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27
Jan 09
Tue

Per Se, New York

It’s been a long time since I’ve been able to write one of these restaurant reviews, so I was very much looking forward to visiting Per Se. Per Se is Thomas Keller’s restaurant in New York. Keller is best known for The French Laundry, located in the Napa Valley region on the other side of the country, and both of his restaurants have been bestowed with three Michelin stars. This was my first time eating in a three starred joint.

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Located on the 4th floor of the Time Warner Center, Per Se’s two-tiered dining room looks out over Central Park from its south-west corner. The interior is classy and, with its high ceiling and relative sparsity of tables, feels spacious. The ambient lighting is dim, but the tables are sufficiently lit. We were seated by the window, but curiously were pointed back towards the dining room with the view at our backs. The level of conversation in the room is not so hushed as to give the feeling of a mortuary, but not so loud as to be distracting. Great decor.

Per Se only takes bookings up to two months in advance and reservations tend to get snapped up within minutes of becoming available. Exactly two months’ prior, I called a couple minutes before the reservation line officially opened at 10.00am, but still was only able to obtain a 5.45pm seating (lunchtime reservations are easier to get).

The service was absolutely exemplary. Service staff were flawless, very attentive and even offered to escort me all the way to the restrooms when I asked where they were(!). The main server for our table came over to chat at one point, which was nice – it gave a personal touch to service which could otherwise appear clinical.

Per Se has two nine-course set menus, one vegetarian and one non-vegetarian. Each has several options, some of which incur a supplemental charge. Two small amuse-bouche dishes (freebie hors d’oeuvres) kicked off the meal. The first course was Per Se’s signature Oysters & Pearls dish, followed by a palm salad, sea bream, quail, beef, a cheese dish, a couple desserts and mignardises (petit fours). I think there was another course, but I can’t remember what it was. Unfortunately, the food did not reach the very high expectations that had been built up by the surrounding press, Michelin stars, general hype, and exorbitant cost of the menu. This is not to say that the food wasn’t excellent, but it was clear to me that the best Sydney restaurants can easily hold their own against a giant like Per Se, at a fraction of the cost. The desserts were a bit of a let down, but that’s probably because I prefer something sweeter.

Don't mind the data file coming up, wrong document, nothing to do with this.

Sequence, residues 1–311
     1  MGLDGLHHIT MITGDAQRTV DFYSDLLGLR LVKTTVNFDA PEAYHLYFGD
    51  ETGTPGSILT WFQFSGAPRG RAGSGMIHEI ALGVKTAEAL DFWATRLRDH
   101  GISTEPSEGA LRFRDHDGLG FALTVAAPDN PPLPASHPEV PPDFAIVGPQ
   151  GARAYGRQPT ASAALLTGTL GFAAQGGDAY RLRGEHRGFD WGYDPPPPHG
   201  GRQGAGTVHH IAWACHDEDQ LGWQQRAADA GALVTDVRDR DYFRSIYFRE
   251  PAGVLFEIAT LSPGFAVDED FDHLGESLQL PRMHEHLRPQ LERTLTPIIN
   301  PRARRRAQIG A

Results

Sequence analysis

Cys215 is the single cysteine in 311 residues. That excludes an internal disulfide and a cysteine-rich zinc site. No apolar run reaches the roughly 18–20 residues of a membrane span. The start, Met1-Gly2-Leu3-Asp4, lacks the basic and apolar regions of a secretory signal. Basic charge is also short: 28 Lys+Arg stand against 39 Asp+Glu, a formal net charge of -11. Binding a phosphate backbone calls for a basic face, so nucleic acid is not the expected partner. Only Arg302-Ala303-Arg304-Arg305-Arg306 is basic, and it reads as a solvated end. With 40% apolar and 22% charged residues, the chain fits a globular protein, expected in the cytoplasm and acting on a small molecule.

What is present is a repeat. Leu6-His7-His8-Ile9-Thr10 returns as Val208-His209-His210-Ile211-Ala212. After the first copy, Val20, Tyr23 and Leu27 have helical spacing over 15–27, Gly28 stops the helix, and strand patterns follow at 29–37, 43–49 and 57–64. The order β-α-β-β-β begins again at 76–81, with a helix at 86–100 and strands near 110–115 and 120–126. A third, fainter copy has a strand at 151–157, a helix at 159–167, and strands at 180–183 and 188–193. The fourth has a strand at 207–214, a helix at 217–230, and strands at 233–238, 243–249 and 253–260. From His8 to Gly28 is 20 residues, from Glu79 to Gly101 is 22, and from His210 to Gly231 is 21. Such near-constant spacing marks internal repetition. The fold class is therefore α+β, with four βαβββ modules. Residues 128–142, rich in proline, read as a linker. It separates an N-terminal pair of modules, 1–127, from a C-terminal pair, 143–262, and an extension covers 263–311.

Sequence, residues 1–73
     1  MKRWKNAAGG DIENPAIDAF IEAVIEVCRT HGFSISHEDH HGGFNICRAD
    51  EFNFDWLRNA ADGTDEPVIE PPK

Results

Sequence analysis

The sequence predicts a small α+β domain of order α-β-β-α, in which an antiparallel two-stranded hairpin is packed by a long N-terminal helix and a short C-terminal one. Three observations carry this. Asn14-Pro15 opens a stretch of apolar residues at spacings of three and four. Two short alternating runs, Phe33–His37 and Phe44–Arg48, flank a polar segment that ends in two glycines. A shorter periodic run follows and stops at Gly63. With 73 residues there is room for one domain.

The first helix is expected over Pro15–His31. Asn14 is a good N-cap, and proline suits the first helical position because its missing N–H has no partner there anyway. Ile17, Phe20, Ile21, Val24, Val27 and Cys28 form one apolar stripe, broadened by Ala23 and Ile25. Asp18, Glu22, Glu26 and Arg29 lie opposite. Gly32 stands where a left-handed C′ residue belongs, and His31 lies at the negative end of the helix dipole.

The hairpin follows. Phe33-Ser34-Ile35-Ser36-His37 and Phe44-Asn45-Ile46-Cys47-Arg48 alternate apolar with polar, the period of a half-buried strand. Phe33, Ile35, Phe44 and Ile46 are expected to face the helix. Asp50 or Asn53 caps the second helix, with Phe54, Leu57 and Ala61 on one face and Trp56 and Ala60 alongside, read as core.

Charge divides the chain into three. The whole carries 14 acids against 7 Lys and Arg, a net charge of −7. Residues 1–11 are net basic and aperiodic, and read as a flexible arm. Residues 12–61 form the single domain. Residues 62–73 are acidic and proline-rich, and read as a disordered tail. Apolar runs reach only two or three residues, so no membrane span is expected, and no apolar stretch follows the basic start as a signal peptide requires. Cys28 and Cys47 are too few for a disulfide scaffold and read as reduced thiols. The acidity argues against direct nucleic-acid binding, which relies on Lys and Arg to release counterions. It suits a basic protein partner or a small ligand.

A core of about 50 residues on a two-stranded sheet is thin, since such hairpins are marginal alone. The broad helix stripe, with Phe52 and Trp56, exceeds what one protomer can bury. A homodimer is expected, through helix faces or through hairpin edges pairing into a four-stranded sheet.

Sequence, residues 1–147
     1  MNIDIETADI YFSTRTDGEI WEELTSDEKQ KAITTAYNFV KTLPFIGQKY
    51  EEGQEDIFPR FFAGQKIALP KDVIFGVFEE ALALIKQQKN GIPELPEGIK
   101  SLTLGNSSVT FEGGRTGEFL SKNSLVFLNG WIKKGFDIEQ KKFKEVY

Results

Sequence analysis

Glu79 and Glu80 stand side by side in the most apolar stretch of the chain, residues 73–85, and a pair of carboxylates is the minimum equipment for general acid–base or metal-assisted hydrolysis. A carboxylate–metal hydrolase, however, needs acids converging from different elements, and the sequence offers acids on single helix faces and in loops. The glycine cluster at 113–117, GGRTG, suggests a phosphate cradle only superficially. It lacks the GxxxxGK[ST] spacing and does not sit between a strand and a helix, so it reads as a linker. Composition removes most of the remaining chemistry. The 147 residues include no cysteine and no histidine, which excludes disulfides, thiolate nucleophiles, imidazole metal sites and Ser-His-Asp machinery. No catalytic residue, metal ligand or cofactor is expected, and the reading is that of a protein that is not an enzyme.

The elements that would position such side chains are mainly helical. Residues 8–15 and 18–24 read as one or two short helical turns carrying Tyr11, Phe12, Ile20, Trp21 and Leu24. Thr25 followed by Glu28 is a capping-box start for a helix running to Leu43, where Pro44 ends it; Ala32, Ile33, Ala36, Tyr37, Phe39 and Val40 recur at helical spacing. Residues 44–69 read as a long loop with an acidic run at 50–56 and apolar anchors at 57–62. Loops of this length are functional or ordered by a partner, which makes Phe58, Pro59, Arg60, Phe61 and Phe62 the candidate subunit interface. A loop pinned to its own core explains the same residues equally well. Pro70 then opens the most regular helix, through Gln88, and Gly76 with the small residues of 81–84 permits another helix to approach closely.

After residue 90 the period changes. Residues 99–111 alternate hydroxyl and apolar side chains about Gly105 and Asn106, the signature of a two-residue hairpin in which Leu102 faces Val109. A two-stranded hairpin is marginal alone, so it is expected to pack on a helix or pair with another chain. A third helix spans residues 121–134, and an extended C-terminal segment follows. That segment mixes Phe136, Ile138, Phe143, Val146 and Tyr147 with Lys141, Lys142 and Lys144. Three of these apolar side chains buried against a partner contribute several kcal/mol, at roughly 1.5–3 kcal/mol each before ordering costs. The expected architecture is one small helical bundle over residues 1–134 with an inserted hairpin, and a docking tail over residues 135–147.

At the end of the meal, a server placed a small metal tray in front of each of us and walked off. Then another person sidled up to our table and said in a thick French accent, “This plate will now be filled with chocolates,” and walked off. Then a third person came along with the chocolates themselves. It was comical.

I mistakenly had a large lunch (an oversized $6 bowl of noodles from Ollie’s) and was absolutely stuffed by the end of dinner. With three chocolates still staring me in the face, someone came along and deposited another receptacle filled with yet more sweets. I threw in the towel and asked for them to be boxed. They happily obliged, wrapping everything up in a shiny silver box with brown ribbon. We also received a little nutty chocolate snack as a free gift.

One other gripe was that the courses were paced too quickly. Only a few minutes separated each course – for a restaurant like Per Se it felt like a barrage. Everything must have been delivered in the space of just over two hours. I have a feeling they were trying to ensure we were out of the way for the second seating.

All in all, Per Se is a nice venue for a special occasion, but I think the food is very much in the same league as Sydney’s three hatters, not a league above. $275 per person, plus state tax. The good news is that the tip is already included in the price.

  6:31am (GMT -8.00)  •  Food  •   •  Tweet This  •  Comments (1)

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